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Key Takeaways

  • Linux, a highly versatile operating system, offers security, customizability, and low hardware usage, making it a top choice for casual users and developers.
  • Linux traces its roots back to 1991 when Linus Torvalds created it as a free operating system, unaware of the success it would achieve over the next 32 years.
  • Linux emerged during the Unix Wars as an alternative to proprietary software, and with contributions from the GNU project, it became a fully functioning operating system and gained popularity worldwide.

Linux is one of the most popular operating systems besides Windows and MacOS. Its high focus on security, customizability, and portability, together with low hardware usage, make it highly versatile for casual users and developers alike.

Linux wasn’t always a large ecosystem comprising hundreds of distributions. In fact, the OS was originally created by a 21-year-old Linus Benedict Torvalds as a kernel that mimicked Unix, and on August 25, 1991, he publicly announced his plans to create a free operating system. Little did he know that 32 years down the line, this hobby project of his would end up becoming one of the most successful innovations to grace the tech industry.

Unix Wars

Our history lesson on Linux involves traveling back to 1969, when Ken Thompson and Dennis Ritchie of AT&T Bell Lab, developed an operating system called Unics, or Unix, as it came to be known later on. The OS saw immense popularity in academic institutions, and soon different variants of Unix started popping up. Unfortunately, this resulted in multiple manufacturers seeking to dominate the market with their own version of Unix, giving rise to licenses and patents from AT&T and ushering the OS industry into a tumultuous era called Unix Wars.

The birth of the GNU project

While the big-name brands were fighting for dominance over the Unix market, Richard Stallman sought to break free from proprietary software by initiating the development of the GNU project in 1983. In his email dating back to September 1983, Stallman dubbed it “Free Unix” and planned to make this OS more accessible for users than Unix.

By 1990, GNU had amassed almost all the major components required to create a fully functioning operating system. Well, almost everything, because GNU still lacked a kernel. Sure, the Hurd microkernel began development in 1990, but it remained unpopular within the GNU community, leaving the playing field open for another competitor, namely Linux.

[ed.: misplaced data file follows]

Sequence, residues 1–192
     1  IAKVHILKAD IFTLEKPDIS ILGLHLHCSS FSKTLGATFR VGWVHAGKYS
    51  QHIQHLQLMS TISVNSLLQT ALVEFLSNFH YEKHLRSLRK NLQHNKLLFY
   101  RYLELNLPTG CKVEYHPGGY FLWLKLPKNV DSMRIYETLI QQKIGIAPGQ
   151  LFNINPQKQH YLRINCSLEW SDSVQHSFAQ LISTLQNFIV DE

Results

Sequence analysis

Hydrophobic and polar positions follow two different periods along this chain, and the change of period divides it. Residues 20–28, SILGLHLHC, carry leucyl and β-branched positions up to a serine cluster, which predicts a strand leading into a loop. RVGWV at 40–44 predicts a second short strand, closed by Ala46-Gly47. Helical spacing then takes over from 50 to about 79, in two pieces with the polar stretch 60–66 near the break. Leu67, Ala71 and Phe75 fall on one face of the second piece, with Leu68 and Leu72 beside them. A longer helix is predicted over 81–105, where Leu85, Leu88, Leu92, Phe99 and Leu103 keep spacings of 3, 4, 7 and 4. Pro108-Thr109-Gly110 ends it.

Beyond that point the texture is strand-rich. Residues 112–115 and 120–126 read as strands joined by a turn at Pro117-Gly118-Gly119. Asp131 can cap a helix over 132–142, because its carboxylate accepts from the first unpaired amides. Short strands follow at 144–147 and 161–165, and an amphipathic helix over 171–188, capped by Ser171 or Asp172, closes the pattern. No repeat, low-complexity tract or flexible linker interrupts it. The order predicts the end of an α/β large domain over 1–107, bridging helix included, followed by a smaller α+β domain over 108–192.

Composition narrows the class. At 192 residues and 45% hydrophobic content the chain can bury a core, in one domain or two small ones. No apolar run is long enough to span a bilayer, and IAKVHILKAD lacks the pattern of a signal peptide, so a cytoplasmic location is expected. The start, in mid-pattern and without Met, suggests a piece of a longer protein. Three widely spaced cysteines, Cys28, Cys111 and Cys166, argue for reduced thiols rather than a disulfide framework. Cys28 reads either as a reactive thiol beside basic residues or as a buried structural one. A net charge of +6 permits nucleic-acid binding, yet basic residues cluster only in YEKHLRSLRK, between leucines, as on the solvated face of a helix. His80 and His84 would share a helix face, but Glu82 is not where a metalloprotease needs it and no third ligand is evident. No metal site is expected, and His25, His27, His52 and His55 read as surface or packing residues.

Linus and Linux

In 1991, Linus purchased an i386 PC that came with the DOS operating system and only used the OS for a few days to play Prince of Persia before he received 16 floppy disks containing MINIX. Back then, MINIX’s license didn’t allow users to modify the operating system’s source code, and Linus was also dissatisfied with the design choices implemented by Andrew S. Tanenbaum, the creator of MINIX. Linus preferred the Unix OS that powered his university desktops, but he was unable to afford it and decided to create a free operating system that could offer the same functionality as Unix.

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A screenshot of the email that Linus sent to the comp.os.minix newsgroup to publicly announce the development of his new operating system
Source: comp.os.minix (Google Groups)

On August 25, 1991, he sent the historical email to comp.os.minix asking the community members about the features they’d like to see implemented in his OS. On September 17 of the same year, he uploaded version 0.01 of the Linux kernel on Unfortunately, the first-ever release of what would later be known as Linux was extremely barebones and failed to execute properly as it relied on MINIX for compilation.

Subsequently, Linus released v0.02 on October 5, 1991, which became the first official version of his hobby project. This release was significantly better than v0.01 and even offered support for multiple GNU tools, including bash and GCC. Linus would spend the next couple of months releasing newer versions of Linux, with each update bringing new features to the kernel. 1992 marked a turning point for Linux when Linus decided to release his kernel under the GNU GPL License. This allowed developers from both GNU and Linux communities to create a highly capable version of the GNU/Linux OS, which Linus deployed as v0.99 in December 1992.

How Linux got its name

Interestingly, Linus never called his innovation Linux because he thought the name sounded egotistical. Instead, he wanted to go with ‘Freax,’ a combination of the words free, freak, and x (from Unix). In fact, he even stored the kernel files under the Freax moniker for almost six months. Luckily, the Freax name never came to be.

When Linus first uploaded Linux files to in September 1991, the FTP server was overseen by Ari Lemmke, who — bless his sound naming sense — didn’t warm up to the idea of calling it Freax and decided to go ahead with the name Linux without consulting Linus.

Linux, 32 years later

Threads app icon in Ubuntu Linux app drawer

And here we are, 32 years since the day Linus announced the development of his free operating system. Having undergone tons of upgrades and license changes, the modern-day Linux boasts a staggering number of distributions powering its ecosystem. It’s safe to say that Linus’ creation took the world by storm with the "free as in freedom" philosophy behind Linux. Even though it has strong competition from Windows and MacOS, Linux is unrivaled in the server market, with a majority of servers all over the globe running on Linux.

What's more, there are tons of laptops that run Linux right out-of-the-box, which is a testament to the fact that the OS has a strong following in the PC community. With its open-source and community-driven nature, Linux continues to shape the technology landscape one distro at a time.